• 4.6.5 The board regularly reviews the union’s key policies and procedures to ensure that they still support, and are adequate for, delivering the union’s aims. This includes:

 

  • policies and procedures dealing with board strategies
  • functions and responsibilities
  • finances (including reserves)
  • service or quality standards
  • good employment practices
  • encouraging and using volunteers,
  • data protection
  • managing the relationship with the university/college

 

4.7 Managing and monitoring organisational performance

 

  • 4.7.1 Working with senior management, the board ensures that operational plans and budgets are in line with the union’s purposes, agreed strategic aims and available resources.
  • 4.7.2 The board regularly monitors performance using a consistent framework and checks performance against the union’s strategic aims, operational plans and budgets. It has structures that hold staff to account and support them in meeting these goals.
  • 4.7.3 The board agrees with senior management what information is needed to assess delivery against agreed plans, outcomes and timescales. Information should be timely, relevant, accurate and in an easy to understand format.
  • 4.7.4 The board regularly considers information from other similar organisations to compare or benchmark the organisation’s performance.

 

4.8 Actively managing risks

 

  • 4.8.1 The board has overall responsibility for risk management and discusses and decides the level of risk it is prepared to accept for specific and combined risks.
  • 4.8.2 The board regularly reviews the union’s specific significant risks and the effect of all these risks together. It makes plans to mitigate and manage these risks appropriately.
  • 4.8.3 The board puts in place and regularly reviews the union’s process for identifying, prioritising, escalating and managing risks and, where applicable, the union’s system of internal controls to manage these risks. The board reviews the effectiveness of the union’s approach to risk at least every year, which includes an assessment about whether the union’s approach to risk supports innovation.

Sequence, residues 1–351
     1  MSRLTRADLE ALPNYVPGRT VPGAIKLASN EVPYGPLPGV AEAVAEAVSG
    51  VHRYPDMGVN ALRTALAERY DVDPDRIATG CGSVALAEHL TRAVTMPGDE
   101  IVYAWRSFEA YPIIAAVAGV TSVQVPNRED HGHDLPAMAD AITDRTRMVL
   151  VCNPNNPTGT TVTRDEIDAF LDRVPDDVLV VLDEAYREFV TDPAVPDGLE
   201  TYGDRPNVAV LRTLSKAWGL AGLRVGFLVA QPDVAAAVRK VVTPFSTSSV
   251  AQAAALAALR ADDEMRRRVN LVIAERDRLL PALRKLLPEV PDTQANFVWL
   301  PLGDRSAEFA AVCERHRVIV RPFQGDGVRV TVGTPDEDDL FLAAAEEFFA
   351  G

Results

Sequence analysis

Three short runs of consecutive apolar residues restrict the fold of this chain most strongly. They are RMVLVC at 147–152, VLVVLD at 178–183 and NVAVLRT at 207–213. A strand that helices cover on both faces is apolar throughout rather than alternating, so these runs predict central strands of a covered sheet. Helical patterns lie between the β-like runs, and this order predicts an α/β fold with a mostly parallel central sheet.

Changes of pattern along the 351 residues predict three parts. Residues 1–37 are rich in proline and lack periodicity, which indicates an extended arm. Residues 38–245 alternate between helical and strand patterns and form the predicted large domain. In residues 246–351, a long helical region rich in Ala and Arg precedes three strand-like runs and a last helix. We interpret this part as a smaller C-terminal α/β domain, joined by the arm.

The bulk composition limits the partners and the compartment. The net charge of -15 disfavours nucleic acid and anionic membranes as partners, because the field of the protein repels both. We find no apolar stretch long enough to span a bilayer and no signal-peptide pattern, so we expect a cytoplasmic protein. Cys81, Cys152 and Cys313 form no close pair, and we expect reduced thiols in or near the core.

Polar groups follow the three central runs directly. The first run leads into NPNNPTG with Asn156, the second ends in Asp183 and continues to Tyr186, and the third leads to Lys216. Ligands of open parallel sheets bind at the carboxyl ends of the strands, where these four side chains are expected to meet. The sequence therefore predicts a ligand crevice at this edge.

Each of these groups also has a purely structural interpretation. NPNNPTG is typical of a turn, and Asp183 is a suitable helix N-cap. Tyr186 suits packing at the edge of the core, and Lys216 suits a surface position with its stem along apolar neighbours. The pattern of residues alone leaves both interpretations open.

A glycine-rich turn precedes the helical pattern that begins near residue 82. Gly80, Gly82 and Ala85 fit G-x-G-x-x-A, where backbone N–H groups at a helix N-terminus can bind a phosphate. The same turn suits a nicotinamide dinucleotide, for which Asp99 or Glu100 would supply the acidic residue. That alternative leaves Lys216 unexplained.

• 4.8.4 The board describes the union’s approach to risk in its annual report and in line with regulatory requirements.

 

4.9 Appointing auditors and audits

 

  • 4.9.1 The board agrees and oversees an effective process for appointing and reviewing auditors, taking advice from an audit committee if one exists.
  • 4.9.2 Where the union has an audit committee, its chair has recent and relevant financial experience and the committee includes at least two trustees.
  • 4.9.3 The board, or audit committee, has the opportunity to meet the auditors without paid staff at least once a year.
  • 4.9.4Arrangements are in place for a body, such as the audit committee, to consider concerns raised in confidence about alleged improprieties, misconduct or wrongdoing. This includes concerns raised by ‘whistle blowing’. Arrangements are also in place for appropriate and independent investigation and follow-up action.

 

Here’s some resources from NUS, SUs or sector partners below to support your development in this area.

Please contact help.qsu@nus.org.uk if you’d like help to find something specific.